The car is one of those places, like the loo, where you think about things. Yesterday I was overcome by thoughts about my pension. It hits me, from time to time, mostly followed by moments of anxiety as I see myself destitute and living in a box beneath the Pont du Gard.
Not now being married, and without a complimentary pension, I will be at the mercy of the State and the Lord only knows how much faith we can place at the foot of their impeccably polished jackboots.
So I thought I'd tarry on the internet and see if I couldn't find out how much I can expect to live on come the day I no longer have to set my alarm. I didn't, in fact, get any further than the Government Retirement site because they have a nifty calculator which allows you to get an inkling as to your situation based on certain facts from your professional past.
I filled in various fields indicating how long I had been employed, or in student jobs, and was asked how much I earned in 1991 and 1993. No interest in anything more recent. As I had been doing piecemeal work as a language teacher in 1991 and in the UK doing a PGDip in 1993, I was only earning miniscule amounts of money and thus barely registering on the pensions yardstick. I can't say I was that worried back then either - who is, at 30?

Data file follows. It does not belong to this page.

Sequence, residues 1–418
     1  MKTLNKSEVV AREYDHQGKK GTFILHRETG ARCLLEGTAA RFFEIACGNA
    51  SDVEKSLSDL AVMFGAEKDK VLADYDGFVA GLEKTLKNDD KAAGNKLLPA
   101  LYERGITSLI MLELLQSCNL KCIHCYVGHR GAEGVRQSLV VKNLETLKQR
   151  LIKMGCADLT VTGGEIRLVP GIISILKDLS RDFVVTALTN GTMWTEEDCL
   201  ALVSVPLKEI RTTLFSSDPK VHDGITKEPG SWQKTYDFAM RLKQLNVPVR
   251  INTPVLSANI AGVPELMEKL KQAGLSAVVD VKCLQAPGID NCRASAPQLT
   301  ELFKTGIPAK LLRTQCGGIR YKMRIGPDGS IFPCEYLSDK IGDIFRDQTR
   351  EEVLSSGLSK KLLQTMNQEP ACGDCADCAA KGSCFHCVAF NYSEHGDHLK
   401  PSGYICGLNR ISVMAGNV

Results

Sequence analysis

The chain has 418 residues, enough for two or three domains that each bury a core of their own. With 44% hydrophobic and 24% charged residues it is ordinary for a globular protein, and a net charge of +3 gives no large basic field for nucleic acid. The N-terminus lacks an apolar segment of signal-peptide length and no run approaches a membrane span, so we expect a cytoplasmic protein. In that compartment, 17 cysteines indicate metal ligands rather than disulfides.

However, I was a tad disconcerted to go through the workings of the pensions calculator and end up with the princely sum of 103€ per year at age 60, finishing with 285€ fifteen years later. Unless prices come down dramatically I'm not sure how I'm going to live on that...
Well, I suppose I'll have to cross that bridge when I come to it and assume in the meantime that maybe I didn't do the form quite right...
For those interested, the CNAV have a site too which might ask more pertinent questions. It is best, however, to keep tabs on one's pension fund as mistakes creep in to official information on individuals and you can find yourself having to produce all earnings statements from the moment you took your first job doing a paper round for proof.
In this, as in so many situations, it is best never to throw anything away!